And if you get really honest with yourself as you explore this, you’ll find, as I have, that idolatry is actually our main problem. We seek contentment in temporary things and circumstances rather than being fully content in who God is and what He’s done for us. And we can tell what our idols are by identifying the things that, as long as we don’t have them we won’t be fully content, and the things that, if they were taken away would take along with them our contentment.
The title of this piece is “The Dangerous Idea that God Wants Us to Be Happy.” Is this idea dangerous because it’s true or because it’s false? Well, there’s a sense in which it is true. The Bible has a lot of positive things to say about happiness, joy, contentment, delight. The Psalms are full of talk of joy and peace, and even pleasure. Psalm 16:11 indicates that the Lord fills us with joy in His presence and has eternal pleasures at His right hand. Several times in Philippians, Paul reminds us to rejoice in the Lord.
I could give you many more examples, but the point is that God is to be the source of our joy, our contentment, our happiness. When we rely on anything else for our contentment, we replace God with something that is not God, and that is why I say idolatry is our main problem. We don’t set our sights high enough: we have the possibility of eternal pleasures at God’s right hand, but we try to replace that with temporary happiness that comes and goes depending on our circumstances. So does God want us to be happy? Well, in a way, no, because happiness isn’t big enough. OK, but is it really dangerous to believe God wants us to be happy? Well, yes, because when we settle for temporary happiness, we look to earthly stuff and circumstances for our contentment instead of being fully content because of the everlasting joy and peace that are available to us in Christ.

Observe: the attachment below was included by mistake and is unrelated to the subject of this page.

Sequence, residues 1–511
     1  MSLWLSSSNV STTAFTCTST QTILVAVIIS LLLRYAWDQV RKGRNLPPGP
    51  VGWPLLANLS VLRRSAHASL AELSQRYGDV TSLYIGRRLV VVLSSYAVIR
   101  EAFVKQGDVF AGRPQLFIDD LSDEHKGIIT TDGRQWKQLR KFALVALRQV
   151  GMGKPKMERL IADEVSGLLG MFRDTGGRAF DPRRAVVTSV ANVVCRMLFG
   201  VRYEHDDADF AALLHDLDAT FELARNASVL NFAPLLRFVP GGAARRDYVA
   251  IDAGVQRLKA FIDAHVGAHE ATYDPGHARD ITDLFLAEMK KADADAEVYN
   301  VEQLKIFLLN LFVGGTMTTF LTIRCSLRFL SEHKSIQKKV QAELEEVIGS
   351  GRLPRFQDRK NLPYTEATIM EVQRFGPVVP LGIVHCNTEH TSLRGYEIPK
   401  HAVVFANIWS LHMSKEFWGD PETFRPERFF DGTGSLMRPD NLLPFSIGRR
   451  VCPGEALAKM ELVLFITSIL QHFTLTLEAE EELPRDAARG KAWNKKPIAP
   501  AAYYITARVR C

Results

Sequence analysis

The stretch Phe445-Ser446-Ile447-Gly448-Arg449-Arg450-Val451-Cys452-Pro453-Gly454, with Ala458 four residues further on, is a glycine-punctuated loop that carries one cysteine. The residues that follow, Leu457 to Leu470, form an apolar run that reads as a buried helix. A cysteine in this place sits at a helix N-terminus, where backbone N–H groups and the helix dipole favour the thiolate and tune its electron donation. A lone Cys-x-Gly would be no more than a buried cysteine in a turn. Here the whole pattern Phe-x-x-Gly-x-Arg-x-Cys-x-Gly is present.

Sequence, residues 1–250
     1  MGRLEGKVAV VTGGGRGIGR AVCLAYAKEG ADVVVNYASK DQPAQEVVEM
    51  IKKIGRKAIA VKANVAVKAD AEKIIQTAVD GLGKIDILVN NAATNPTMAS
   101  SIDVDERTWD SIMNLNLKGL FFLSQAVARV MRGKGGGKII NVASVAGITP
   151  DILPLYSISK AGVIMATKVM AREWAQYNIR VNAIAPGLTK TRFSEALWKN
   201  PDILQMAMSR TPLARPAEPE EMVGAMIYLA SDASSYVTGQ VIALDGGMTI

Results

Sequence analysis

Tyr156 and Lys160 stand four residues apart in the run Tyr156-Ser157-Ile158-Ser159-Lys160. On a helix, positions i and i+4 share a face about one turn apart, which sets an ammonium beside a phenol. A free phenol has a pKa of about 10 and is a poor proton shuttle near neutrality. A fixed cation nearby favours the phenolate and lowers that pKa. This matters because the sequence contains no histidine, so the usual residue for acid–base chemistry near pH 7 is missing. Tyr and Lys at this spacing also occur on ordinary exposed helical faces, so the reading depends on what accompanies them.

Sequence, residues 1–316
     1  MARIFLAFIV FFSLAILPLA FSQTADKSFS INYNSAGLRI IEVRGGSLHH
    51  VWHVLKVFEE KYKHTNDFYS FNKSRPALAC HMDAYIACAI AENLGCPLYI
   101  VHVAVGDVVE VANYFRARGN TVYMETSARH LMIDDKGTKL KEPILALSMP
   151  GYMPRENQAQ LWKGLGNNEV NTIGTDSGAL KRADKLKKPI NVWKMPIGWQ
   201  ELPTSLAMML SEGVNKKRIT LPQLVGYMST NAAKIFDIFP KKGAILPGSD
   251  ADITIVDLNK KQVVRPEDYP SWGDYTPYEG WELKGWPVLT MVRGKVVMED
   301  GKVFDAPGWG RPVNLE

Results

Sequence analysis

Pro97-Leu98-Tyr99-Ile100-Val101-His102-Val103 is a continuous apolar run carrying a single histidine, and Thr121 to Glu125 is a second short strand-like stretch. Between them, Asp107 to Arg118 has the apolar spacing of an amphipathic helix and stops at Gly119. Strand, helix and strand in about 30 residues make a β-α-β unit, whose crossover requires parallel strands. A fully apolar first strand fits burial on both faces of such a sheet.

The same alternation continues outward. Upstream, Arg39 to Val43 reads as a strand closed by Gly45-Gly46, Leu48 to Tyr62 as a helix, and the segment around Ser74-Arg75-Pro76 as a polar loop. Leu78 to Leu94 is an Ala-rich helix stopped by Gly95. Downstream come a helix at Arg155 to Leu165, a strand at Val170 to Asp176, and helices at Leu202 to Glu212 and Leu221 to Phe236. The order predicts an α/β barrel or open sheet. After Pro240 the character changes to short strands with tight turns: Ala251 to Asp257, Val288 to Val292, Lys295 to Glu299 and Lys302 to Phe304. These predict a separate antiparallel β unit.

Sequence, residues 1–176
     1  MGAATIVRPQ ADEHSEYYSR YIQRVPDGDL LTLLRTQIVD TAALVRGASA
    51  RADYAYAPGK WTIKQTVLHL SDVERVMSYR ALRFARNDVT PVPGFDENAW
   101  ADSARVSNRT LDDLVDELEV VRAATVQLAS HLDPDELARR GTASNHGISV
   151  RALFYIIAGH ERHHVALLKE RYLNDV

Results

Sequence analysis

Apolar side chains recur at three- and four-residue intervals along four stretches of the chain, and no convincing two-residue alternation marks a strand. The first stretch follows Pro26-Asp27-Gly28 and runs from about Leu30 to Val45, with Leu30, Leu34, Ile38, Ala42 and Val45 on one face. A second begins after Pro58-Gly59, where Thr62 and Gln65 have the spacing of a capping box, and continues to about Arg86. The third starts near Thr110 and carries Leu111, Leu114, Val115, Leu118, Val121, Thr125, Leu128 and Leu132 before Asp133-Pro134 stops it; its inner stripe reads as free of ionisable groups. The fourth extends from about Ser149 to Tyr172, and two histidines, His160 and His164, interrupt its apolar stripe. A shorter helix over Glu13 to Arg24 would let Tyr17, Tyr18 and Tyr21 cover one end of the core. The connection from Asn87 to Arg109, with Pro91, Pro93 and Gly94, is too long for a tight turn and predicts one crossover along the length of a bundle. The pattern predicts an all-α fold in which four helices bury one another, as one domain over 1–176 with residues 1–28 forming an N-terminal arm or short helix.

“In Christ There Is Neither Male Nor Female”
by Dr. Cliff Foreman, Professor of English
I’ve noticed that a number of Christians see this statement from the Bible—“In Christ there’s neither male nor female”—as a dangerous idea. To be fair, they think it’s dangerous if it’s taken too far. When I told one of my friends I was going to talk about this statement in a chapel talk at the College, he immediately said, “But that only applies to salvation.”
I will start by reassuring you all, and admitting that the phrase “in Christ” limits the reach of Paul’s statement. Though Paul’s statement may have far reaching significance, he limits his statement here in Galatians 3 to what is true “in Christ.” This statement about what is true “in Christ” may profoundly affect the way we as Christians understand the creation and it may lead us to seek change in our culture, but most of that is another topic. The question I am concerned with here is what, positively, “in Christ” means and how that should affect our thinking and our actions as Christian men and women.
The situation in the Galatian churches was critical. Teachers from Jerusalem had tried to impose the Jewish law and Jewish customs on Gentile believers; they had been saying that Gentile Christians needed to become Jews in order to be acceptable to God. Paul says that “in Christ” these distinctions no longer mean anything. In the process, he throws in two other distinctions. In light of the gospel, as he explains in more detail in other epistles, the distinction between slave and free, an important distinction in Roman law, is immaterial. And he says the same thing about the distinction between men and women.